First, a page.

The next attempt to launch the Space Shuttle with ESA astronaut Roberto Vittori and the Alpha Magnetic Spectrometer will not be made until Sunday at the earliest. Friday’s first attempt was scrubbed because of a technical problem.
Engineers at NASA's Kennedy Space Center in Florida have identified the likely cause behind the failure of heaters on a fuel line for Shuttle Endeavour's auxiliary power unit on Friday.
There appears to be a power problem within Aft Load Control Assembly-2, a box of switches controlling power feeds.
"That basically means the power is not getting out to the heaters that weren't working on launch day," said Space Shuttle Program Launch Integration Manager Mike Moses.
The plan is to remove and replace the box, but that work and related testing will take several days to complete. Once the new box is installed, the team must verify it is working properly and study the failed box, taking at least two days.
"We're really not even setting the schedules today. There's still a whole lot of short-term work that has to be done," said Moses, indicating that the launch will be no earlier than 8 May.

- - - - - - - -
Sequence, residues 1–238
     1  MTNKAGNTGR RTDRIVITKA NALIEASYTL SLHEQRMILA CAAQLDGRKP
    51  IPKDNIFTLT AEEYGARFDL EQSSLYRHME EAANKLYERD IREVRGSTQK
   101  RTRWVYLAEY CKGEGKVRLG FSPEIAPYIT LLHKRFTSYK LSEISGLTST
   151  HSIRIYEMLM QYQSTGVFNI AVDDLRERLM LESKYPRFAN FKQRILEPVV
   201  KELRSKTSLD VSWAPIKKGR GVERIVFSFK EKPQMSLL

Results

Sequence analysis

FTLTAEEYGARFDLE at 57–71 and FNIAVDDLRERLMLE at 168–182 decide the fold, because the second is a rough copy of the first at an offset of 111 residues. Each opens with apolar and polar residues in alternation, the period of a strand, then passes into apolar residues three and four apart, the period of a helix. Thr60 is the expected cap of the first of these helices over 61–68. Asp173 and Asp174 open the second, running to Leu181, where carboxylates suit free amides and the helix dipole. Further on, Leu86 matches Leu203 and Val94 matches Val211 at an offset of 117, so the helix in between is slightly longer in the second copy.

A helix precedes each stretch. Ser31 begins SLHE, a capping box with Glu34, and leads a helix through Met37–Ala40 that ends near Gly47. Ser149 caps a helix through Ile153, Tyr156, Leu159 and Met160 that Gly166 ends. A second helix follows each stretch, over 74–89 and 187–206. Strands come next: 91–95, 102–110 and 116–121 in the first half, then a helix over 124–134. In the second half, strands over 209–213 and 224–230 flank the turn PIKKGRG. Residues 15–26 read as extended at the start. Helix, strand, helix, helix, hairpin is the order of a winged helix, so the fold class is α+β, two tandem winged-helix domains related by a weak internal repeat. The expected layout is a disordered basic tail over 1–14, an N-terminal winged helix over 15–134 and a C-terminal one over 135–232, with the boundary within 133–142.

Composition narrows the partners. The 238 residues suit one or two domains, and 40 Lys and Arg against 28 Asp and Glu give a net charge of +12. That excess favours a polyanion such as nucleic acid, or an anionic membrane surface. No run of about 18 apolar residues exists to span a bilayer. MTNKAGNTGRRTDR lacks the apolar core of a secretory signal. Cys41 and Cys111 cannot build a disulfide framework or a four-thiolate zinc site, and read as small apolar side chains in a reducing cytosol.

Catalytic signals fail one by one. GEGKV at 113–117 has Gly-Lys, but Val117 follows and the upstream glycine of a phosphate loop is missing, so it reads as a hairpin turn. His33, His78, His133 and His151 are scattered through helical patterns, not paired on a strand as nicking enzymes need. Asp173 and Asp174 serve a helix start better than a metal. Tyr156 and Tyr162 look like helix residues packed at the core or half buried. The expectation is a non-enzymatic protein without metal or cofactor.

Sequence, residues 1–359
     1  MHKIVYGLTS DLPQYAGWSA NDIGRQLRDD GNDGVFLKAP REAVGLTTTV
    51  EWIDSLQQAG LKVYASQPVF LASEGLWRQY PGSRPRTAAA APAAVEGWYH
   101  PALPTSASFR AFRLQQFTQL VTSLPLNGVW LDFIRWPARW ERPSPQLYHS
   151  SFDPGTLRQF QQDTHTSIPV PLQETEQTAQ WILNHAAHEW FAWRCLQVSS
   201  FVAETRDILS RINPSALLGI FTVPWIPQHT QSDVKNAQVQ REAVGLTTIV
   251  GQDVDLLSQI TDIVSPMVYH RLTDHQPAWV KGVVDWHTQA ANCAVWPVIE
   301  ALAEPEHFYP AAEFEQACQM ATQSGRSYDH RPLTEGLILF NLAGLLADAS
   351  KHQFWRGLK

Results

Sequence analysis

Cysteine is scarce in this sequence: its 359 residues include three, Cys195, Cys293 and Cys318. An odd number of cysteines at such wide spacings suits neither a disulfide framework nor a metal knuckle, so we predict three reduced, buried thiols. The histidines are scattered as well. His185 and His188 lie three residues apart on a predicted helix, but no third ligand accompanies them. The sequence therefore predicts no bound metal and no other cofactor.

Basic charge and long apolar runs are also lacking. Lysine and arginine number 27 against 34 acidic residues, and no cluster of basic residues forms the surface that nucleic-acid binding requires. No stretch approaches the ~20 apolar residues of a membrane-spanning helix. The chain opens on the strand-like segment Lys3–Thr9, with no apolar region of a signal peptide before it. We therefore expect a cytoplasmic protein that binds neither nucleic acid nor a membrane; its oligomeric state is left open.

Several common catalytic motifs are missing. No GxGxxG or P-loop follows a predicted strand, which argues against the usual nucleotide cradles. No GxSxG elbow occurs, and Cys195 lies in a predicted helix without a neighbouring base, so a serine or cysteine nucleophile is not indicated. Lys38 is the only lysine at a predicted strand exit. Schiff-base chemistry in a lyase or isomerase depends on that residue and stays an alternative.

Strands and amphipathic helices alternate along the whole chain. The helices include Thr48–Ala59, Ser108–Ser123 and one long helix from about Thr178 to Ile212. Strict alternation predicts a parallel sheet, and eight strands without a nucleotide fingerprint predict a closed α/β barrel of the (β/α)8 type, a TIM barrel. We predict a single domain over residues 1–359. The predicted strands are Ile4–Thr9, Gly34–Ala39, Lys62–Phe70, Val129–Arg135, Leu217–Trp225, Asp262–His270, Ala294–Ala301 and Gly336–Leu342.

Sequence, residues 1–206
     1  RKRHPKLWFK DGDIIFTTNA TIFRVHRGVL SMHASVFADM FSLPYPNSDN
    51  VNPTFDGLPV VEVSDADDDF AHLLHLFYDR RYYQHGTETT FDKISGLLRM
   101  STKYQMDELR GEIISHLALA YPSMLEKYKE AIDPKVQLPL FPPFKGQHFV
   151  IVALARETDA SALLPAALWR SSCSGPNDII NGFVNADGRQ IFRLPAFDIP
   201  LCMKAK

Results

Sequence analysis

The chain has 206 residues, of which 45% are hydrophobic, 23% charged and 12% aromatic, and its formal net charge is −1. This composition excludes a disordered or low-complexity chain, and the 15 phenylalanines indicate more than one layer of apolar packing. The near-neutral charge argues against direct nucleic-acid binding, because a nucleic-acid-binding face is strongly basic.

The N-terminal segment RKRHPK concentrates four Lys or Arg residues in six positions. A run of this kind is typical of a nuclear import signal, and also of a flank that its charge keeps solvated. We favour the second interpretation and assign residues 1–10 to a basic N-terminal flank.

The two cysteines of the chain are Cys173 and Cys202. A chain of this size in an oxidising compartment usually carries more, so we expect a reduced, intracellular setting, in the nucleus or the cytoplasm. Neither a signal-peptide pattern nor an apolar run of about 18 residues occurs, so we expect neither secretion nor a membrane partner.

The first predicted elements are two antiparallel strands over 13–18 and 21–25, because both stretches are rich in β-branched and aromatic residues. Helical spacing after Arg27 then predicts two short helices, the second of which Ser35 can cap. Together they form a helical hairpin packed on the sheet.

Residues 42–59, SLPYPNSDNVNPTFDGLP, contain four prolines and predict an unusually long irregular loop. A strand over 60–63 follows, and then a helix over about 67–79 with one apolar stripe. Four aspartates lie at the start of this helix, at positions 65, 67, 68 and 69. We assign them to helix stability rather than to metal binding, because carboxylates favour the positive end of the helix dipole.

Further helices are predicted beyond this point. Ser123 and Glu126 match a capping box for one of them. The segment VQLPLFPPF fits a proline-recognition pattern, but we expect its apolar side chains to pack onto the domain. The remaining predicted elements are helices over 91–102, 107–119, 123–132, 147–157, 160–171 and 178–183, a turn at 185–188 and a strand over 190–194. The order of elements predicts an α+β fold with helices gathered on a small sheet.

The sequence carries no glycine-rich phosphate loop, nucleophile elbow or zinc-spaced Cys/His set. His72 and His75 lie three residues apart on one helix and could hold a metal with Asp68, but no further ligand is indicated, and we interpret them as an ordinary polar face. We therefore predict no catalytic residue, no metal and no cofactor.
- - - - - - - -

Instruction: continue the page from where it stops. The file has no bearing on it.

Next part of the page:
The launch window will remain open after that until 26 May.
Astronauts waiting in Houston
The six STS-134 astronauts returned on Friday to NASA's Johnson Space Center in Houston for a few days of refresher training before they return for the next launch attempt.
"Responding to problems is one of the things we do best around here, and the team always likes a good challenge," said Shuttle Launch Director Mike Leinbach.
"I am sure we are going to be really glad when Endeavour's finally on orbit, but right now, the team is upbeat and ready to execute."